By: Dan Weil
February 11, 2014
Investors took $28 billion out of equity mutual funds in the week ended Feb. 5, the largest weekly outflow since August 2011, when Washington was fighting over the debt limit, according to Citigroup and EPFR Global.
The Standard & Poor’s 500 Index has slid 2.4 percent so far this year, though it has rebounded for the last three sessions. Investors are worried about weakness in the U.S. and overseas economies.
Institutional investors are responsible for the large shift out of equity mutual funds, according to Goldman Sachs. They are eager to diversify out of stocks after last year’s strong gains.
“A divergence between institutional and retail activity has surfaced,” Marc Irizarry and fellow Goldman equity analysts write in a commentary obtained by CNBC.
Institutional investors are rebalancing their portfolios to avoid being overweight in stocks, the Goldman team says.
And “a broader definition of equity” has led institutional investors away from standard stock investments and into absolute return and natural resource funds, they explain.
“These points run counter to the view of a ‘rotation’ toward equities and instead favor non-traditional bonds, alts [alternative investments] and innovative equity product,” the Goldman analysts note.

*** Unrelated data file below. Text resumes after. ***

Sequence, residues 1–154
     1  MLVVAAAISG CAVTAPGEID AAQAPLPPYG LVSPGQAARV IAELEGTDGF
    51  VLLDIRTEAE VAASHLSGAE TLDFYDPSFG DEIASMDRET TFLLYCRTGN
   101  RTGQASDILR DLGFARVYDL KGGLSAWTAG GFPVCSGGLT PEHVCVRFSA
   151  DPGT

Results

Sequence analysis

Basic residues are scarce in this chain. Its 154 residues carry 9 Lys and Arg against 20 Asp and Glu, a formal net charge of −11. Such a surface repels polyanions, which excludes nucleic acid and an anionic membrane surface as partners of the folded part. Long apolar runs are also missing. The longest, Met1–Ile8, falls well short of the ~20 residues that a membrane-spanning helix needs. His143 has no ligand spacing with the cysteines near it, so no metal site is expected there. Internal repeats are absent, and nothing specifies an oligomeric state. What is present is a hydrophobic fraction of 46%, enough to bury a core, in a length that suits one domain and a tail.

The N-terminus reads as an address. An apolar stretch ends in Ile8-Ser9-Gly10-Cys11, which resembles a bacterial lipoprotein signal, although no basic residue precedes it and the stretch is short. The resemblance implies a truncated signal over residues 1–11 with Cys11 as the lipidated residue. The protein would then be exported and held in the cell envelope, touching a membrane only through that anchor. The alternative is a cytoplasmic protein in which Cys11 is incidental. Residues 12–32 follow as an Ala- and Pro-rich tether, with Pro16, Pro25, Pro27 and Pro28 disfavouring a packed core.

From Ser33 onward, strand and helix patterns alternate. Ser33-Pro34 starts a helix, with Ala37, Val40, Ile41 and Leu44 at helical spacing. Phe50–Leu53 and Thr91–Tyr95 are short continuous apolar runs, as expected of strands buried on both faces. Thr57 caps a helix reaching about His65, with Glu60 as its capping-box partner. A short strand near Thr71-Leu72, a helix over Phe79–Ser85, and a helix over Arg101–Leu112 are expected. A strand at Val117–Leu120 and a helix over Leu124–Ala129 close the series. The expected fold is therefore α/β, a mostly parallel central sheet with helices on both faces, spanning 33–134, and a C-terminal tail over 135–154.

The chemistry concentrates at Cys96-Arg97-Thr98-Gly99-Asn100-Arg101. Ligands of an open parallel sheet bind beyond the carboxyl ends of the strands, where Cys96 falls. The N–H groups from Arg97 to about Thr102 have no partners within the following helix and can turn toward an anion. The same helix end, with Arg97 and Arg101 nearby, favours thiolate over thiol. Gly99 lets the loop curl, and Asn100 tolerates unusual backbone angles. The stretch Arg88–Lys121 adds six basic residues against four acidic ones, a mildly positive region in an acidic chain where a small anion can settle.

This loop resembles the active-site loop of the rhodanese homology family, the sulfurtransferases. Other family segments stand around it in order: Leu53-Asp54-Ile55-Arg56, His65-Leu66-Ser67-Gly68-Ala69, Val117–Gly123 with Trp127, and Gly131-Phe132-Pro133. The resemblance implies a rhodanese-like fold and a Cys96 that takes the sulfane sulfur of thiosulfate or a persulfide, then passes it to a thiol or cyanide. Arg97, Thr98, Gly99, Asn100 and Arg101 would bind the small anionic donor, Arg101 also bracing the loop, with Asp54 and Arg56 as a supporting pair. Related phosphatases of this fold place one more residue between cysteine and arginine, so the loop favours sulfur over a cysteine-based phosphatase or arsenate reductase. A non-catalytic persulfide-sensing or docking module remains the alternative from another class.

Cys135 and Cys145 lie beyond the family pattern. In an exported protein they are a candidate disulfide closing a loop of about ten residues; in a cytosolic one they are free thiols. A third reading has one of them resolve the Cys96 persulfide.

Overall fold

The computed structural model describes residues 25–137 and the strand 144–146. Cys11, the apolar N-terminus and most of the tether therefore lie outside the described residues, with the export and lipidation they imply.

Meanwhile, Ned Davis Research says a bear stock market, generally defined as a decline of at least 20 percent, isn’t out of the question for this year.
In a recent report, the firm, which has been bullish on stocks for most of the rally since March 2009, says it expects continued gains for now, The Wall Street Journal reports.
But the firm warns that if investors grow overly enthusiastic during the next several weeks, sending prices too high, the market could tumble later in the year.
Gold Goliath is not your typical gold dealer.